• Further roadshows were strongly requested by local community leaders especially to target isolated orangutan populations stranded between plantations.
  • Negotiations for broadcasting the films in SE Asia has not yet been successful, due to large payments required for broadcasting the films and existing copyright issues with one of the filmmakers previous distributors.
  • Discussions will continue and, if necessary, funding sought to enable payment for broadcasting to proceed.
  • GAFI has received three request so far for bespoke local issue films to be created in association with OUREI, SOS, BOS, and National Parks in Sumatra and Borneo. Funding is still being sought for this project.
  • GAFI supported the distribution of the orangutan management in palm oil plantations training film at RSPO in Singapore. Many decision-makers, Palm oil companies and government ministers attended the conference.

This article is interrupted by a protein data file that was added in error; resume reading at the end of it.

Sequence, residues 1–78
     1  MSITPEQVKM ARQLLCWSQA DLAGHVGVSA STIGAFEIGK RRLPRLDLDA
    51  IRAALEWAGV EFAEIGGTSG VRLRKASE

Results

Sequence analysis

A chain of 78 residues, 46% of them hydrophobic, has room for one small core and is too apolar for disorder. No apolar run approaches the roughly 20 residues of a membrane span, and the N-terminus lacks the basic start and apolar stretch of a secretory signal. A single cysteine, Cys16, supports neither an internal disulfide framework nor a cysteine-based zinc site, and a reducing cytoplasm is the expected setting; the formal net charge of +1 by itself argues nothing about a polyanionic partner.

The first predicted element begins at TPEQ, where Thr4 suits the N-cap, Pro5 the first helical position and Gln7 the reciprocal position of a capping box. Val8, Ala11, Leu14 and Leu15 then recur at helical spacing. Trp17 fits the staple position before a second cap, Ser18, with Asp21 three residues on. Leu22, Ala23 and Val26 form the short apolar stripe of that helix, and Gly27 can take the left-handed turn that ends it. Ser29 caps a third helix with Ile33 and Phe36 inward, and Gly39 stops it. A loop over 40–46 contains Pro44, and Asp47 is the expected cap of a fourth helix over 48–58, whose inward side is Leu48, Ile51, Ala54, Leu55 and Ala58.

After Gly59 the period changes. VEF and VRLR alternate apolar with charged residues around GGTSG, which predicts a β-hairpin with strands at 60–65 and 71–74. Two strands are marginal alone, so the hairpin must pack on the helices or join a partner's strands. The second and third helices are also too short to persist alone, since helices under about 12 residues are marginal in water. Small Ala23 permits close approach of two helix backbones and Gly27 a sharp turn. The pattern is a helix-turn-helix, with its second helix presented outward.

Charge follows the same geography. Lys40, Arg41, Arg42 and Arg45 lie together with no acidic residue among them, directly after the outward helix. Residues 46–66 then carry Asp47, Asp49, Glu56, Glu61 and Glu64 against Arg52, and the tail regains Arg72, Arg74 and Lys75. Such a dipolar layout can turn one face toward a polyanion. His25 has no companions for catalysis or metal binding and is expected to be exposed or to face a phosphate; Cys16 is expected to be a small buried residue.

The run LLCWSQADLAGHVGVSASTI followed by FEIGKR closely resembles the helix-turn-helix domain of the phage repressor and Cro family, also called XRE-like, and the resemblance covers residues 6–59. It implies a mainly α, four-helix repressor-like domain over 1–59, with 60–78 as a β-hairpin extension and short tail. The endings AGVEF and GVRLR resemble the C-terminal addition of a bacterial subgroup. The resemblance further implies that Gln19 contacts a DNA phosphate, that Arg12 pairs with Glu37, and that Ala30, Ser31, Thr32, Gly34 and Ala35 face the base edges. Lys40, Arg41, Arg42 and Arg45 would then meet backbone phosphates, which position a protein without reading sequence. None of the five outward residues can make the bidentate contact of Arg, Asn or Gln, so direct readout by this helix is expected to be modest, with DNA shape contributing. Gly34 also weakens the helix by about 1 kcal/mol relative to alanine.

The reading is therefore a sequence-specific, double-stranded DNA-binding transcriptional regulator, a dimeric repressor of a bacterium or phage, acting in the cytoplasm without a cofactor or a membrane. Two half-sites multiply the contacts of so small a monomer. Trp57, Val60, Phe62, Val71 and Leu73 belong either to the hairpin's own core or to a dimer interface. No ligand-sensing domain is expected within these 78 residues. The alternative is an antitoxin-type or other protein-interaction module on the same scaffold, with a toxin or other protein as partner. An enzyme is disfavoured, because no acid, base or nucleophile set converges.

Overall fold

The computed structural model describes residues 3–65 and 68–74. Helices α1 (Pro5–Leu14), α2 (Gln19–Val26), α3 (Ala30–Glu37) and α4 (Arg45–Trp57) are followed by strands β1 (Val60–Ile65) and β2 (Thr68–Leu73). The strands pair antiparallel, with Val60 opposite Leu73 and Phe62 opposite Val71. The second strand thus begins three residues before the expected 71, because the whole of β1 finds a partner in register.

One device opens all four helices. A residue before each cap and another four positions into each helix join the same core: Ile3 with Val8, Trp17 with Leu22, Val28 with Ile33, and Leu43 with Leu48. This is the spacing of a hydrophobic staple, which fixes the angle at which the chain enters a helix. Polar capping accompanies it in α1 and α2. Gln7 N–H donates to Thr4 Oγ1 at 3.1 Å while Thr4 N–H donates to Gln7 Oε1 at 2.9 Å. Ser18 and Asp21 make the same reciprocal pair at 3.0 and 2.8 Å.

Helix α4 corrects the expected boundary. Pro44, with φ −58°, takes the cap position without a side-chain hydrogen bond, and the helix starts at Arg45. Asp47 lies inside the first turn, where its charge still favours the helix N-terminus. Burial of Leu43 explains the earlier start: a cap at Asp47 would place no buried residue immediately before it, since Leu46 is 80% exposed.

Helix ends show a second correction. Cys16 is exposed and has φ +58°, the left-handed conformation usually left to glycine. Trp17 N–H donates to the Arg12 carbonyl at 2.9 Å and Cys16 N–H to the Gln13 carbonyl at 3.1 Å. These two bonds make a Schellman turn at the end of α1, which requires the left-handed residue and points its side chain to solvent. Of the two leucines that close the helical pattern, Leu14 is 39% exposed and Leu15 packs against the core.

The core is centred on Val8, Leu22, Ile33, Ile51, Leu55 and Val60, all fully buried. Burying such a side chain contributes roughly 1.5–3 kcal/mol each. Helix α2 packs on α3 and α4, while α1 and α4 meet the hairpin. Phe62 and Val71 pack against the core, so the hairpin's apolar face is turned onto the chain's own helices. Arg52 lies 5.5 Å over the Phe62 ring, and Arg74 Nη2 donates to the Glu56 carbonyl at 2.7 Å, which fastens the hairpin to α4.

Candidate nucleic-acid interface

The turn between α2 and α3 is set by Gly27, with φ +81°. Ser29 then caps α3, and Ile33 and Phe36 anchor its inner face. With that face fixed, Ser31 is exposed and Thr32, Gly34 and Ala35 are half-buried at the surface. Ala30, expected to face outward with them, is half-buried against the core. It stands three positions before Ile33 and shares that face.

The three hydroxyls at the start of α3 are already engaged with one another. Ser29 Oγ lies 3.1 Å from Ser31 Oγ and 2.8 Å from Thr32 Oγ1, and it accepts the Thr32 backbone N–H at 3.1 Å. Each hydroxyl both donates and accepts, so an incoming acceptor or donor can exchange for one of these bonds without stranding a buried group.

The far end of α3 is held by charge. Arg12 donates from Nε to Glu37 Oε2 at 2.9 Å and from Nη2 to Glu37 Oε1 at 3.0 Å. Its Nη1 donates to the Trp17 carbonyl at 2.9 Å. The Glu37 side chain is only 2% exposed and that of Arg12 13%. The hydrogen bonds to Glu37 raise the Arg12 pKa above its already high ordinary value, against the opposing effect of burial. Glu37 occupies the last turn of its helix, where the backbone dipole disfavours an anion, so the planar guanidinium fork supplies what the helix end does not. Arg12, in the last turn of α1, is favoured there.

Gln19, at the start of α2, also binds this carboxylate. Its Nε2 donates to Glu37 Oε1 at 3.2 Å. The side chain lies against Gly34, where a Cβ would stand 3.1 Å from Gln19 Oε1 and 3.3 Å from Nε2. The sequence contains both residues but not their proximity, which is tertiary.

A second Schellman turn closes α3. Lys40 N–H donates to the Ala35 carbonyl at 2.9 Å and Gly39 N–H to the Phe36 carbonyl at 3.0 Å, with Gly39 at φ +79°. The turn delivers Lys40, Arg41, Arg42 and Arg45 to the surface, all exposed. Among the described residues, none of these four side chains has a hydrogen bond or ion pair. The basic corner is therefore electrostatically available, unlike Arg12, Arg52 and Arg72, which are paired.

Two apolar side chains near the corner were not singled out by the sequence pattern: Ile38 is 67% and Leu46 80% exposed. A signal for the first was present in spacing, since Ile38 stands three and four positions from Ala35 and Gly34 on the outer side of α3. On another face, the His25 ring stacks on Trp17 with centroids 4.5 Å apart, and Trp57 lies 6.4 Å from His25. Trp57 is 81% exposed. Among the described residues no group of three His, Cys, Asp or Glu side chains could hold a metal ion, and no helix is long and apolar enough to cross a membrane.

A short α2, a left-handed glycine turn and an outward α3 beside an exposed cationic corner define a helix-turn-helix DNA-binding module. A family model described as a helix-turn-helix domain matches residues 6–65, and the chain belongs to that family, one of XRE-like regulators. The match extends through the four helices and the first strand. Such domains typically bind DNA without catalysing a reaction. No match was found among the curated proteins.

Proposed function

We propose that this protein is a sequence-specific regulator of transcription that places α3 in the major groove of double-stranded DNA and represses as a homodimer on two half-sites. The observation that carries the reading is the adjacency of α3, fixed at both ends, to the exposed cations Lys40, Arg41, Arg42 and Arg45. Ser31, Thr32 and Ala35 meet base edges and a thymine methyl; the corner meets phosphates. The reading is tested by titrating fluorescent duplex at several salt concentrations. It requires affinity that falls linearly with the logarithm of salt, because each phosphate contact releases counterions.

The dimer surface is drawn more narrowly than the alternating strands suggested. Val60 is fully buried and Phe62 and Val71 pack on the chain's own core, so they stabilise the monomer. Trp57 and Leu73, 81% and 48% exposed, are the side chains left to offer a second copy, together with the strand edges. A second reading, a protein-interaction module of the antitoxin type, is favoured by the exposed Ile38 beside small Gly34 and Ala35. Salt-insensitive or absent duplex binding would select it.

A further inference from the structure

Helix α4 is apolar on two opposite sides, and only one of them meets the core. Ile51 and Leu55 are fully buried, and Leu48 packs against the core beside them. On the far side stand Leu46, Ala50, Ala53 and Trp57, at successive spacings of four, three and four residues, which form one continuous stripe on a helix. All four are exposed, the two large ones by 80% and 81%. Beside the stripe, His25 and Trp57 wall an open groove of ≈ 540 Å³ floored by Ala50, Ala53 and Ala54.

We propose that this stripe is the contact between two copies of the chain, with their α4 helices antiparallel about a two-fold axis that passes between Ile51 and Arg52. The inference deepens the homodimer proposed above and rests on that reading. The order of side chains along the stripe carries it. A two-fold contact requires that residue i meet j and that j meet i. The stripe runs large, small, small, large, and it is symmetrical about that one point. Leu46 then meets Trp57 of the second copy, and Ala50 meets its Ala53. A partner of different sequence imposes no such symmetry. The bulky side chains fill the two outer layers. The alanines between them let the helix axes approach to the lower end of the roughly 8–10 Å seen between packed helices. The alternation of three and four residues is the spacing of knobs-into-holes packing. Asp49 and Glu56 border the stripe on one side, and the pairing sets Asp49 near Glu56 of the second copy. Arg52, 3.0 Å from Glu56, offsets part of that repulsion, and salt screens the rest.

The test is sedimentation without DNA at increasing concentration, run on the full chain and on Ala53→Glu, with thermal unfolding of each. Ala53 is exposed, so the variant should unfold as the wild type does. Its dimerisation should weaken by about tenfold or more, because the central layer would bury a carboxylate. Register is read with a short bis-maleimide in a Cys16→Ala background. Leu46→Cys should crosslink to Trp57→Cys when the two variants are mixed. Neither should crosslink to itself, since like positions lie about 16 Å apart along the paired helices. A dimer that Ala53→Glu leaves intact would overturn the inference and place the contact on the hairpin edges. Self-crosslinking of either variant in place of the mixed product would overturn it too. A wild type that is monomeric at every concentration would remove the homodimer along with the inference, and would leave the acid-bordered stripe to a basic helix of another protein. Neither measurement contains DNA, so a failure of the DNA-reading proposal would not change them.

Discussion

DEFRA funding allowed GAFI to apply for match funding from US Fish & Wildlife, WSPA and UN

GAFI In Borneo

Current range of orangutans in Borneo

GAFI and the Borneo Orangutan Society agreed to work in the Central Kalimantan region (Palangkaraya). Two roadshows were scheduled with a total audience of 2000 viewers. The area was selected on the basis of a high incidence of forest conversion to palm oil and smuggling for pet trade centred around 10 large communities.

GAFI supported the creation and distribution of a bespoke film which aimed to train plantation workers how to manage orangutans who entered their plantation. The film had been requested and funded by BOS and was filmed by Cockroach Productions.

Screenings were created in response to the local requests for help with their orangutan issues. Special screenings for palm oil workers took place on Borneo on a number of plantations. This is an area of particular importance for human- orangutan conflict.